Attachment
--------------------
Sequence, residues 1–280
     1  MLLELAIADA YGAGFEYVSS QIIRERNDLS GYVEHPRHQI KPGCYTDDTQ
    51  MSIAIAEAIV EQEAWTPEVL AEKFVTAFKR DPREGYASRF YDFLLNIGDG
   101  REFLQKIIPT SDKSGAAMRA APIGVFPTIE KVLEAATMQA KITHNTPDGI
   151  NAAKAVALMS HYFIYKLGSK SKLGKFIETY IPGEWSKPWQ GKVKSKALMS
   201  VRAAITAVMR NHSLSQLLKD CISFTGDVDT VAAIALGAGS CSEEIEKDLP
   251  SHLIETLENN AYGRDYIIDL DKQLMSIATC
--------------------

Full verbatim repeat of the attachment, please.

Sequence, residues 1–280
     1  MLLELAIADA YGAGFEYVSS QIIRERNDLS GYVEHPRHQI KPGCYTDDTQ
    51  MSIAIAEAIV EQEAWTPEVL AEKFVTAFKR DPREGYASRF YDFLLNIGDG
   101  REFLQKIIPT SDKSGAAMRA APIGVFPTIE KVLEAATMQA KITHNTPDGI
   151  NAAKAVALMS HYFIYKLGSK SKLGKFIETY IPGEWSKPWQ GKVKSKALMS
   201  VRAAITAVMR NHSLSQLLKD CISFTGDVDT VAAIALGAGS CSEEIEKDLP
   251  SHLIETLENN AYGRDYIIDL DKQLMSIATC